The Marco Polo Festival of Digital Literature is a series of events ran during late August that brings together writers, readers and translators from China and Australia who have used the internet as a core element of their practice.
It inspires a journey through digital literature of languages via a series of translation events, online discussions and panel discussions.
A seminar themed Writing China was proudly co-hosted on 25th August by the Confucius Institute and the Centre for China Studies at the Borchadt Library of La Trobe University. The speakers were Zhang Tianpan, a Southern Metropolitan Daily journalist (one of China's largest and most independent newspapers), and Jiamin Zhao, the founder of China's largest community translation platform, Yeeyan.
The growth of the Internet and its ever increasing Chinese user base has helped solidified just how integral the Internet is as a platform in regards to sharing information, and to express ideas and share opinions. As such, the changing face of Chinese cultural discourse through digital technologies was discussed in depth.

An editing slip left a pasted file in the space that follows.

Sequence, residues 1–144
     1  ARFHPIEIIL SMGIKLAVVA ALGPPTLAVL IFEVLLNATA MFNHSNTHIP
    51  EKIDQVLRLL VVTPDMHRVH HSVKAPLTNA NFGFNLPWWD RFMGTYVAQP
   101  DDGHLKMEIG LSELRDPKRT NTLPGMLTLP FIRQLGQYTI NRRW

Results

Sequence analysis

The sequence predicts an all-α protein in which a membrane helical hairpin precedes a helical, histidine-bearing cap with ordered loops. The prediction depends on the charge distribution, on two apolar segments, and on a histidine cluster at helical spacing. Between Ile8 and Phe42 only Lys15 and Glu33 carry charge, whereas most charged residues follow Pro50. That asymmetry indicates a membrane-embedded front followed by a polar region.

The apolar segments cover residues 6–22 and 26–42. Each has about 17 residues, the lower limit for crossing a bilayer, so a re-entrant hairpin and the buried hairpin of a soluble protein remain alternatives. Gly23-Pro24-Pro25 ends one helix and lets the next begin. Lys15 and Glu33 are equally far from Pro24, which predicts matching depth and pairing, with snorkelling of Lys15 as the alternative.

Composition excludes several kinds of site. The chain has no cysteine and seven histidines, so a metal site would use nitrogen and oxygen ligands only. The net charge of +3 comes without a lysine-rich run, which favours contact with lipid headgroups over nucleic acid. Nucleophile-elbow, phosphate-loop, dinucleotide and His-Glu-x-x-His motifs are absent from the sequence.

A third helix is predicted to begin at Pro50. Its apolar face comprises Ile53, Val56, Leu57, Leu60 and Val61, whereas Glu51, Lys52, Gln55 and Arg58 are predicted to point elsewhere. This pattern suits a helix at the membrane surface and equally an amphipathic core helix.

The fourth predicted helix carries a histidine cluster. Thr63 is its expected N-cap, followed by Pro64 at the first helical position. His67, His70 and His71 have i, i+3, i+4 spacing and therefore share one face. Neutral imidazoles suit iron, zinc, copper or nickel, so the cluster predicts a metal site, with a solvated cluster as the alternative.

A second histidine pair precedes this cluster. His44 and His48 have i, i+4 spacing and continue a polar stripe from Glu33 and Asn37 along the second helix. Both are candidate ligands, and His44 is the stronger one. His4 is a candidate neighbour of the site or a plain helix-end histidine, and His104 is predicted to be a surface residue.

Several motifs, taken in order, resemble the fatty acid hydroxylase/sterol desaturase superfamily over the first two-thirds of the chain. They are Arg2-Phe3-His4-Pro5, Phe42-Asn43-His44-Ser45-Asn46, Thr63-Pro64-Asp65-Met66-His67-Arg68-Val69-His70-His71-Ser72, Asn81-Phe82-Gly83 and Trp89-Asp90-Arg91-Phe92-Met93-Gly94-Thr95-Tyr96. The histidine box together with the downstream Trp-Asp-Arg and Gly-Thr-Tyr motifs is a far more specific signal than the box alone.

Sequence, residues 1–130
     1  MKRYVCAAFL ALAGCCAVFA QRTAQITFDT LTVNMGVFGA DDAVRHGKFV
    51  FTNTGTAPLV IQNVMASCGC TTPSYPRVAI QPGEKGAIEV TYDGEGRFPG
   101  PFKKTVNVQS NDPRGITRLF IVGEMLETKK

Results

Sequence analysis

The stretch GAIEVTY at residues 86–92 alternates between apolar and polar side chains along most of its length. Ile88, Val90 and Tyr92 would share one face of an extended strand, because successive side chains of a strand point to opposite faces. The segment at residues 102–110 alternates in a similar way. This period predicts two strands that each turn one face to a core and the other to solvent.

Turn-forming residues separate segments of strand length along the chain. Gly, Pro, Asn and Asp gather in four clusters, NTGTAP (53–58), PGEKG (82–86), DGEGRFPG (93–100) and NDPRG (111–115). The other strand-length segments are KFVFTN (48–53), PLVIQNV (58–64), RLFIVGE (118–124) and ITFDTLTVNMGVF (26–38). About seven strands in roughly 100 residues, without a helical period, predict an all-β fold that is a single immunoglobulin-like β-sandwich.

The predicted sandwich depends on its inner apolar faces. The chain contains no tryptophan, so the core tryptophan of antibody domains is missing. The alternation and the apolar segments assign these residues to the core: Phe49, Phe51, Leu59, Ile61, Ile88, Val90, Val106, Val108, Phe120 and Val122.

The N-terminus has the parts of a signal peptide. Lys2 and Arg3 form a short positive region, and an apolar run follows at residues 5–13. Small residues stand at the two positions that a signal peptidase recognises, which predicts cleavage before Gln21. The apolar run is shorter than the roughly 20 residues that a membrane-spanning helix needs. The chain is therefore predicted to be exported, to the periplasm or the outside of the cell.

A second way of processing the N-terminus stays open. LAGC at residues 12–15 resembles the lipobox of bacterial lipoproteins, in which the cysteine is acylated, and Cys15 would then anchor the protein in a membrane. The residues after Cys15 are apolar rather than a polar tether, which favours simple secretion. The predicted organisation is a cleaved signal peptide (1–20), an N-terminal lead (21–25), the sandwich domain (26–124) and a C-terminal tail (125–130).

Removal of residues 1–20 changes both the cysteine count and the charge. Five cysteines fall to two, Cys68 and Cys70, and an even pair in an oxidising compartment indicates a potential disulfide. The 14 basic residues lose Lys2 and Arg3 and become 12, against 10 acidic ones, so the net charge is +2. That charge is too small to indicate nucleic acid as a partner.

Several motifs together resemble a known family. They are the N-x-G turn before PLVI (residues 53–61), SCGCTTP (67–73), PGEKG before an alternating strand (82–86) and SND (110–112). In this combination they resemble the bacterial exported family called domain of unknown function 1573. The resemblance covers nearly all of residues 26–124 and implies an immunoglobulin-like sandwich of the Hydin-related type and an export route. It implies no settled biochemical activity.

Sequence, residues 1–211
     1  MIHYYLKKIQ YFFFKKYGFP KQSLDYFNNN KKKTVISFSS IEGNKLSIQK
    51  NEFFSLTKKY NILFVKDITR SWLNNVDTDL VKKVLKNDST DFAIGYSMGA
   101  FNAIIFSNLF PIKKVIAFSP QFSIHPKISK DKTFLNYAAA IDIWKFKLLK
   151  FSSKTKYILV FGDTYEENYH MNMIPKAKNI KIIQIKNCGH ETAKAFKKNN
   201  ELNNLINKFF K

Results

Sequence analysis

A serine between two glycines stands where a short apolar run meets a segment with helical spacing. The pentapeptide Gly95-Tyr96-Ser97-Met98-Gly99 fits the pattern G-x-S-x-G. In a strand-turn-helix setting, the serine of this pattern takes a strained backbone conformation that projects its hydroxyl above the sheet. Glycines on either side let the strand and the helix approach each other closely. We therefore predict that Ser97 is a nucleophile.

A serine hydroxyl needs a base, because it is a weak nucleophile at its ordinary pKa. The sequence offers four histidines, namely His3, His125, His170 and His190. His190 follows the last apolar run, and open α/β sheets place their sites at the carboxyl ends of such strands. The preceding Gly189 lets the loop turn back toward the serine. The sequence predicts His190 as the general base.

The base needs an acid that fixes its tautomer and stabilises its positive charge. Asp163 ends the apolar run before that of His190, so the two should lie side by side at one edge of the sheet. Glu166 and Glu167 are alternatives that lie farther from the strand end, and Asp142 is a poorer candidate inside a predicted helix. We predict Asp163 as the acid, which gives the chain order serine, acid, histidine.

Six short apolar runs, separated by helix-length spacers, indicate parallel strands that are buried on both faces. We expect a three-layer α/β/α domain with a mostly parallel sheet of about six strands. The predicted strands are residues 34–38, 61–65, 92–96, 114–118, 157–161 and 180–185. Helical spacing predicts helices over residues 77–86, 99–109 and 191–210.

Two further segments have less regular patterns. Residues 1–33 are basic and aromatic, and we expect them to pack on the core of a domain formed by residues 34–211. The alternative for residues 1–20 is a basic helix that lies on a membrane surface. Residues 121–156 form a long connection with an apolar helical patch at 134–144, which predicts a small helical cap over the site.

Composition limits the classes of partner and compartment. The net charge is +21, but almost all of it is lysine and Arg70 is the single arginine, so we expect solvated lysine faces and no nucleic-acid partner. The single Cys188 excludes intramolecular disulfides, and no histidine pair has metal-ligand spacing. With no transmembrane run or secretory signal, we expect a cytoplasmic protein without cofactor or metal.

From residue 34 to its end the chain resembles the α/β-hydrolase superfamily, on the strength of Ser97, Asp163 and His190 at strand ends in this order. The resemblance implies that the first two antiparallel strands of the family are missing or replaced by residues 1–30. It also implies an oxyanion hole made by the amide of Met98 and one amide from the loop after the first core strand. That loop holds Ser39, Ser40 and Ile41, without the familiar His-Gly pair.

The evolution of Internet-slang plays an important role in the reflection of social statues, as well as news media sources such as Microblog, Wechart and Tencent, host critical roles in enhancing the interaction between the Government and the public.
It is difficult to deny that digital media has become a vital force in motivating social progress.